Why does Netflix know which movies you like?

December 16, 2022

Simple questions and UTokyo
An introduction to academia starting with “Why?”

After making a list of questions which would pique anyone’s interest, we asked faculty members on campus who might be knowledgeable in these areas to answer them from the perspective of their respective expertise. Let’s take a look into the world of research through questions that you feel you know something about, but cannot answer definitively when actually asked.

Q6. Why does Netflix know which movies you like?

I am always amazed when Netflix and other subscription-based streaming services recommend movies that I like. How do they do it?
A. Because it is solving mathematical optimization problems.
Answered by Akiko Takeda
Professor, Graduate School of Information Science and Technology

Describing and solving real-world problems as mathematical models

Using the MovieLens 100k dataset, the method proposed by the Takeda Laboratory solves an optimization problem faster than other proposals.

I study generic algorithms (computational procedures) for mathematical optimization. Simply speaking, optimization is finding the best possible means of achieving an objective. The field originally emerged from thinking about how to inflict maximum damage on the enemy using limited weapons and soldiers during war. We isolate issues we want to solve in society, such as those related to building structure, computer shogi, setting up evacuation sites, inventory management, crane control and assigning students to laboratories, and then describe them as mathematical models by preparing suitable functions such as linear and quadratic functions. My research is to figure out how quickly such functions can be solved. To achieve this, it is necessary to create an algorithm that requires as little computation complexity as possible.

Optimization problems can broadly be classified into discrete and continuous optimization. For example, the task of finding the shortest route from Hongo-sanchome Station to Komaba-todaimae Station in the shortest time is a discrete optimization problem. On the other hand, the problem of whether a computer can automatically recognize handwritten characters by machine learning is a continuous optimization problem. They are solved in different ways with different tools.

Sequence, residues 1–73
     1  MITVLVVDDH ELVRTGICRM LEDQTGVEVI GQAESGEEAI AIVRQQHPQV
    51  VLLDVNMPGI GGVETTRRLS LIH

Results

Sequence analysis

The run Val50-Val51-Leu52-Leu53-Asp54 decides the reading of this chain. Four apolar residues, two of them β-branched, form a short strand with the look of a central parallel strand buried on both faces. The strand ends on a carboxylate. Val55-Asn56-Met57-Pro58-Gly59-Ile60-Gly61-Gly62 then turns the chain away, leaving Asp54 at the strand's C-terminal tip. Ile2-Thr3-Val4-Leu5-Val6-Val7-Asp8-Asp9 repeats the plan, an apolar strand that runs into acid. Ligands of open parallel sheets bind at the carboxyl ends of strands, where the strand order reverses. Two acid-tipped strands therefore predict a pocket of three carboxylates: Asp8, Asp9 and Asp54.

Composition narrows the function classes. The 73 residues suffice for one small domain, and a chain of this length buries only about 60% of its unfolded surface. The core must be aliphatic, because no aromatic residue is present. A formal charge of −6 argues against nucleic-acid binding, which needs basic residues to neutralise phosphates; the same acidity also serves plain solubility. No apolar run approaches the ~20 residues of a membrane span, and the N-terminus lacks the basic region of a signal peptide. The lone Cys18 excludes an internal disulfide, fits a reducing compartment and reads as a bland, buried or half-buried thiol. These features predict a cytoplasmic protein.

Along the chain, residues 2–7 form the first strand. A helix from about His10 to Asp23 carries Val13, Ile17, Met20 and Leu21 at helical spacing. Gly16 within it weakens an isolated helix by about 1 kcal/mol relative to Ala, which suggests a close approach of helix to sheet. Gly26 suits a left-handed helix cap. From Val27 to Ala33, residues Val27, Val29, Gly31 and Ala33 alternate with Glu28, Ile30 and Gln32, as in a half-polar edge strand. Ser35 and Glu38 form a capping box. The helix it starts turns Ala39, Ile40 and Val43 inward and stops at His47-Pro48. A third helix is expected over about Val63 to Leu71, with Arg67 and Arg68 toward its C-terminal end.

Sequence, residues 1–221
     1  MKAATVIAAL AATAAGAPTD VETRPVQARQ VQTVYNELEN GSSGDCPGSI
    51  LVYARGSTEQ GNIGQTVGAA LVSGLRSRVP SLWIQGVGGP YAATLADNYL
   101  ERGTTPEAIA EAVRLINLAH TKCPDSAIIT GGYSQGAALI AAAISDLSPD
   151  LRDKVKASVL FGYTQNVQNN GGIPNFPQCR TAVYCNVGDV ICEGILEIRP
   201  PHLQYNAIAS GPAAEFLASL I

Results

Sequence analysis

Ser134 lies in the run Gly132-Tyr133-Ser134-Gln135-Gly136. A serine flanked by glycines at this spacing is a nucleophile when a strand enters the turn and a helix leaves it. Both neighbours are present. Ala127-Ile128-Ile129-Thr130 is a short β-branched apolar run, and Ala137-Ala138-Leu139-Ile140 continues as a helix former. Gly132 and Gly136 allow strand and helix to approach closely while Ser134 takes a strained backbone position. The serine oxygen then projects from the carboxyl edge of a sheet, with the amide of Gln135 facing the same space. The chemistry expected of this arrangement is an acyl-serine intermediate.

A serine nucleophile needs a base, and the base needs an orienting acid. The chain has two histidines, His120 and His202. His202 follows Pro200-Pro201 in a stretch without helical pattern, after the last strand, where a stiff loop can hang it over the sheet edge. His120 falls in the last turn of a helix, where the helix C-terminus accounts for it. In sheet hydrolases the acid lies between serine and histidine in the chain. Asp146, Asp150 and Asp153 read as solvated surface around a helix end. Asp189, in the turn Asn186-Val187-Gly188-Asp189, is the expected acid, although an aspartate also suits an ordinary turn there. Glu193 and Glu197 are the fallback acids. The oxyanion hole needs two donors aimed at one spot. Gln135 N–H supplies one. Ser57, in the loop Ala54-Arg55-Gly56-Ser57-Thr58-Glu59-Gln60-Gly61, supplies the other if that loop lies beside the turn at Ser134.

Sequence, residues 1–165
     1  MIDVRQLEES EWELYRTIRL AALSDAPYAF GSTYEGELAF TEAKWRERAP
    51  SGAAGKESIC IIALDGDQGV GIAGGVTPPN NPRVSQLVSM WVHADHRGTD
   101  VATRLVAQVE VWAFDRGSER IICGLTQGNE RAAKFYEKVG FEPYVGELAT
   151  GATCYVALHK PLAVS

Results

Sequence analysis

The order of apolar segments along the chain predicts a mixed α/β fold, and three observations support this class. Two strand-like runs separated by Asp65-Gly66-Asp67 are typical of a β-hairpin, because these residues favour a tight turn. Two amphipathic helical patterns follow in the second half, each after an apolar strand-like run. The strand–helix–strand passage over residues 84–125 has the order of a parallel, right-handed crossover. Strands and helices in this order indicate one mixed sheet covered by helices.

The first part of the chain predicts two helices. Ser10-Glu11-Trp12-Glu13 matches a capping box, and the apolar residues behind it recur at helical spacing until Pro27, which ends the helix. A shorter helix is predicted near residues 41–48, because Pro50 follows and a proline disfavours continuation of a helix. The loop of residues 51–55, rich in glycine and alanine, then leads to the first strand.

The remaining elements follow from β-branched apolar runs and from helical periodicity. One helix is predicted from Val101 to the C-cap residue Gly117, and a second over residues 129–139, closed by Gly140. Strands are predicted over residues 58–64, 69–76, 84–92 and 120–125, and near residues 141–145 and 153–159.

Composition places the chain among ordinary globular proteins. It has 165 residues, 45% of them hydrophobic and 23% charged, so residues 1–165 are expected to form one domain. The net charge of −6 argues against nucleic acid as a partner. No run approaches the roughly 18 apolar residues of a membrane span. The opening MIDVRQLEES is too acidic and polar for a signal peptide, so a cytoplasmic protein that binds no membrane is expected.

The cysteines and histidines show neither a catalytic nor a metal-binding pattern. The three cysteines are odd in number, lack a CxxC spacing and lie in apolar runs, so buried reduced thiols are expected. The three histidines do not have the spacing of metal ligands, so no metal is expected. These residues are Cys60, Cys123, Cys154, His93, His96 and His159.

The Netflix recommendation system utilizes continuous optimization. Suppose we have movie rating information from each user (a well-known dataset is MovieLens). Assuming that people with similar ratings have similar tastes, if there is a movie A that a particular user has not seen yet, Netflix recommends it by applying the rating given to A by people with similar tastes to that user. This is how recommendation works.

In technical terms, this is a missing value imputation problem using non-negative matrix factorization (a non-negative matrix is a matrix with all values greater than or equal to zero). A matrix containing the rating values by each user and for each movie is replaced by a product of two thin matrices. Once U and V are determined (in the equation below) by solving the optimization problem, the missing values can be displayed. If there are latent factors (preference patterns) such as “I like science fiction,” “I like Kurosawa,” and “I like romance,” and if they have a close relationship with both the user and the movie, it can be assumed that they rate the movies highly, and they are expected to like a movie they have not seen yet. However, the system does not need to determine what the latent factors are; it only needs the data.

The recommendation systems of video streaming services enjoyed by many are supported by the results of this kind of mathematical optimization research.

Optimization problem for non-negative matrix factorization

* This article was originally printed in Tansei 45 (Japanese language only). All information in this article is as of September 2022.

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